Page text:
Peripheral neuropathy is one of the most debilitating diseases that significantly impacts patient's quality of life with recurring pain and imposes staggering economic burdens to our society. Neuropathic pain also represents a critical unmet medical need because it tends to respond poorly to traditional analgesics and the most commonly used pain medicines produce serious side effects. Therefore, it is important to identify cells, molecules, and neural circuits specifically involved at different stages of the pathogenesis of neuropathic pain to help develop mechanism-based therapies. Transient receptor potential (TRP) channels are a group of ion channels serving as cellular sensors expressed by many cell types. TRPV4 is a polymodal sensory transducer integrating a variety of thermal, mechanical and chemical stimuli. Based on pilot studies, we hypothesize that TRPV4 is required for inflammatory responses that dynamically catalyze neuropathic pain in the spinal cord. To determine the cellular mechanisms underlying TRPV4-mediated neuropathic pain we will use a multidisciplinary approach combining generation of cell- specific TRPV4 mutant mice and bone marrow chimeras, optogenetic activation of TRPV4-expressing cells in the spinal cord, and neuropathic pain behavioral testing. We will also determine if pharmacological inhibition of TRPV4 channels and optogenetic inhibition of TRPV4-expressing spinal cells ameliorate peripheral nerve injury-induced neuropathic pain. This proposal will establish the cellular basis of TRPV4-dependent immune activation during neuropathic pain and explore the potential for pharmacological modulation of neuro-inflammation via inhibition of TRPV4 function. Thus, this study advances a unique opportunity to identify unique molecular and cellular targets for rational design of treatment for neuro-inflammatory diseases resulting in neuropathic pain.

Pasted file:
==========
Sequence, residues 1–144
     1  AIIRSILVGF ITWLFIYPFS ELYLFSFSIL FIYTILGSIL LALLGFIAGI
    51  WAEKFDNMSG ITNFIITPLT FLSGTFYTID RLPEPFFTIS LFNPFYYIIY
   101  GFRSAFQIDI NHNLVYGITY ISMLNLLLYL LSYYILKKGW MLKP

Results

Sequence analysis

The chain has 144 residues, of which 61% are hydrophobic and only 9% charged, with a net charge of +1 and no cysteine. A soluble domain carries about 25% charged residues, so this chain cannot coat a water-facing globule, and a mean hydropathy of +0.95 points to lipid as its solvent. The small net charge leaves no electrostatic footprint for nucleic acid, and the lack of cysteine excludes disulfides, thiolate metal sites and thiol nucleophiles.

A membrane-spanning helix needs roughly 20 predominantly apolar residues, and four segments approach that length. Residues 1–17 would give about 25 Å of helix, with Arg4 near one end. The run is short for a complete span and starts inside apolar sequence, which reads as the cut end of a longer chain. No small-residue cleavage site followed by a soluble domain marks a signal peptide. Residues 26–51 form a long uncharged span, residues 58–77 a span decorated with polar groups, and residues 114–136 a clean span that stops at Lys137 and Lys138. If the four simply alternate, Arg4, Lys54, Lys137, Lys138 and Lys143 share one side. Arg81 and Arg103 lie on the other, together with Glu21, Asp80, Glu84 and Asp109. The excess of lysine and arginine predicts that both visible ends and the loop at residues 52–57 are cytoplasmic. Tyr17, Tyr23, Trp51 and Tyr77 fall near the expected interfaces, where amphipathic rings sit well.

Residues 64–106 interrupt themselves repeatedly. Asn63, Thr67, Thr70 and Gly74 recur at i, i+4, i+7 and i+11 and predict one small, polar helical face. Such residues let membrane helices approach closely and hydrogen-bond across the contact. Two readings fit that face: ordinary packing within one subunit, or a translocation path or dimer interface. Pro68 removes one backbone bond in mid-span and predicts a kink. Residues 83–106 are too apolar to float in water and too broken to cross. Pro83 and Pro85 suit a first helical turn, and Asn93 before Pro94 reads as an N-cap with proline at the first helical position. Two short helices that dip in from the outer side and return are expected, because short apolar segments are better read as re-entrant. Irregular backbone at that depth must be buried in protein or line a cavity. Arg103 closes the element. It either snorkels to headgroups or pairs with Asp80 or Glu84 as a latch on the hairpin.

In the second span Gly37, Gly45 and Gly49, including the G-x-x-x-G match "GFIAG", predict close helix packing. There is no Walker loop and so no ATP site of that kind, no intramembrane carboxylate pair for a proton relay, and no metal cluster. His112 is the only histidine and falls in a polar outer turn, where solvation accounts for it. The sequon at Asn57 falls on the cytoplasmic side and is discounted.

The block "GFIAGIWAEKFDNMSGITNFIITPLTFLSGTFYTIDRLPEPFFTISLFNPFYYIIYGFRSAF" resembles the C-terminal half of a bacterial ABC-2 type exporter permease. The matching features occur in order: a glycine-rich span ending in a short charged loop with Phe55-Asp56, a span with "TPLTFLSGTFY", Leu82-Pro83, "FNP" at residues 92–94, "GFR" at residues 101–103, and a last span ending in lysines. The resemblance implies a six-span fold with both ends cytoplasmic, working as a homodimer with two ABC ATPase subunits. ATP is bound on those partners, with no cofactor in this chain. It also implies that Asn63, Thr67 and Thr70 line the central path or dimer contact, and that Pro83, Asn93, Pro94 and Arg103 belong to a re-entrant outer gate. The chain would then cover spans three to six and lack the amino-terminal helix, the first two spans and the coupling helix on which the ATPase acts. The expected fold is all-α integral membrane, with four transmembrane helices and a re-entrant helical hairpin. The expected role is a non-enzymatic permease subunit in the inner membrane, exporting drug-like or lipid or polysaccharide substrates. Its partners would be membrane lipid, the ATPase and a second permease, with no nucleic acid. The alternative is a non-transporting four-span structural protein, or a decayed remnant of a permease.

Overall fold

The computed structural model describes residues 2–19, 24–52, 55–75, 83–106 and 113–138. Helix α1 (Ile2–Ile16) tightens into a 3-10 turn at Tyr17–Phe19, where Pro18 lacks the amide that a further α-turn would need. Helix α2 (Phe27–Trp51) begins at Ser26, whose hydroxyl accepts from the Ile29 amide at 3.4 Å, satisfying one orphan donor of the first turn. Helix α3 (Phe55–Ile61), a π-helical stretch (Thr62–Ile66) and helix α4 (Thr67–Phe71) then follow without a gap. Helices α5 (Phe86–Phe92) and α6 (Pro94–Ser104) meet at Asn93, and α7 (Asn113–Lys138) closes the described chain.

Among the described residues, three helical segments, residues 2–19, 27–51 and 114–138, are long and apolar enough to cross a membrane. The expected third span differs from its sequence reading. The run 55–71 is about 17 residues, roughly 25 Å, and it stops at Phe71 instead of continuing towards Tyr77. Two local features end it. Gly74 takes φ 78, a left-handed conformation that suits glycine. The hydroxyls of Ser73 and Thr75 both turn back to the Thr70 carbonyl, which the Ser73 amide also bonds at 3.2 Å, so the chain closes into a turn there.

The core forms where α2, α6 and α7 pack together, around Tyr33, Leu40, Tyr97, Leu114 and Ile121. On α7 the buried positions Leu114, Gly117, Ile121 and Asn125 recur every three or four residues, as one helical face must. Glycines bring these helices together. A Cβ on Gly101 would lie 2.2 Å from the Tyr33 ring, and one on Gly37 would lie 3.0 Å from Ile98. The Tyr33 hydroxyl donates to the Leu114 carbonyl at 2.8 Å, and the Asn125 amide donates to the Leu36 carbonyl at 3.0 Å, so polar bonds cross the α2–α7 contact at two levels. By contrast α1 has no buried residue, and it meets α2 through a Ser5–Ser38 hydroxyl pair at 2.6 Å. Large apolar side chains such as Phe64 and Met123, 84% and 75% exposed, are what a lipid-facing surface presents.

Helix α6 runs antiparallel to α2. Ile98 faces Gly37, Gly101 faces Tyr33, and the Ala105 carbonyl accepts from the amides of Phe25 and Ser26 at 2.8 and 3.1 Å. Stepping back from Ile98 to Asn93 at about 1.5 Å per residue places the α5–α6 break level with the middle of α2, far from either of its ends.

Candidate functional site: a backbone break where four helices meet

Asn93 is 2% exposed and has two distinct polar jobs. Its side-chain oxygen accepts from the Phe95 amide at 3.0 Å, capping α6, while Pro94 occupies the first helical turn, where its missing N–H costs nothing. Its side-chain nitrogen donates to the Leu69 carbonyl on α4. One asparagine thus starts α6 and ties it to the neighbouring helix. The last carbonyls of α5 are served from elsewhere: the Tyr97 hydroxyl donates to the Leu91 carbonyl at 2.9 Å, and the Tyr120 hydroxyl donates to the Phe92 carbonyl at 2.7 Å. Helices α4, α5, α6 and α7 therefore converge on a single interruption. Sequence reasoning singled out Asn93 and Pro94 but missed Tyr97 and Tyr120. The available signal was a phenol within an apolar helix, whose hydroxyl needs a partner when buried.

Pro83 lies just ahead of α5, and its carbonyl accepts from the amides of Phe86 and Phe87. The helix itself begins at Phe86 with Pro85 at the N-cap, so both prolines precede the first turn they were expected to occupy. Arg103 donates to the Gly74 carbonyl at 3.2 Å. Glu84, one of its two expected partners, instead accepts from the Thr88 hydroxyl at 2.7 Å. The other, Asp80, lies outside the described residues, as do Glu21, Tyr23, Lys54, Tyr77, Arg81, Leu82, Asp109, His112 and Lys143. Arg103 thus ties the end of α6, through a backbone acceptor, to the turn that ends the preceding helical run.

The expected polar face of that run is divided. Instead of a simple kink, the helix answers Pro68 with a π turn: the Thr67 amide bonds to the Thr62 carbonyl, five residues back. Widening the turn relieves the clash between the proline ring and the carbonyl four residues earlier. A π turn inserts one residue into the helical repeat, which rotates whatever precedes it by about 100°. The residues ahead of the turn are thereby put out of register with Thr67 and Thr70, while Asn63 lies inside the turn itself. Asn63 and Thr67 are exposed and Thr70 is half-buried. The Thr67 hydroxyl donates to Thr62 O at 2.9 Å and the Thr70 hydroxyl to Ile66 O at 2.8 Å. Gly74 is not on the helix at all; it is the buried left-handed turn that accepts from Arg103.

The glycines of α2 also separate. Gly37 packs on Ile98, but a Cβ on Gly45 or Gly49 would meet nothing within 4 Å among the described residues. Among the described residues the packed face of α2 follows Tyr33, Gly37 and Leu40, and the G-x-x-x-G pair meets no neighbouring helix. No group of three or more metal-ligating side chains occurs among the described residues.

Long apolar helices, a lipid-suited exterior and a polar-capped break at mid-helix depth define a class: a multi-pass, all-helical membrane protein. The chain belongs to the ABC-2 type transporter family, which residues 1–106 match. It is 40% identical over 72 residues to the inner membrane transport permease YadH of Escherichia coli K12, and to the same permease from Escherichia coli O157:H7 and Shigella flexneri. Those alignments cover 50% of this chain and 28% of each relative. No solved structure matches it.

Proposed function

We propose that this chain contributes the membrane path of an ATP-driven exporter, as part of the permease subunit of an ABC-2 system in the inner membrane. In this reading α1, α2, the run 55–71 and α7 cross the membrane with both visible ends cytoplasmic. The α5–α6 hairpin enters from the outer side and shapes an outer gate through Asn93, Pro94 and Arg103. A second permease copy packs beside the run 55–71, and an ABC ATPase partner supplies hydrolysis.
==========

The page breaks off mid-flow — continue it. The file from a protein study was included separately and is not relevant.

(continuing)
Chronic neuropathic pain is a significant clinic problem and significantly impacts quality of life and productivity. No efficient treatments are available for chronic neuropathic pain due to a lack of effective medicines and deleterious side effects accompanying currently recommended treatments. The current proposal aims to understand the cellular and molecular mechanisms underlying dynamic neuroimmune interactions during peripheral nerve injury-induced chronic neuropathic pain and facilitate identification of novel drug targets for treating chronic neuropathic pain.
|Lakk, Monika; Young, Derek; Baumann, Jackson M et al. (2018) Polymodal TRPV1 and TRPV4 Sensors Colocalize but Do Not Functionally Interact in a Subpopulation of Mouse Retinal Ganglion Cells. Front Cell Neurosci 12:353|
|Xie, Zili; Hu, Hongzhen (2018) TRP Channels as Drug Targets to Relieve Itch. Pharmaceuticals (Basel) 11:|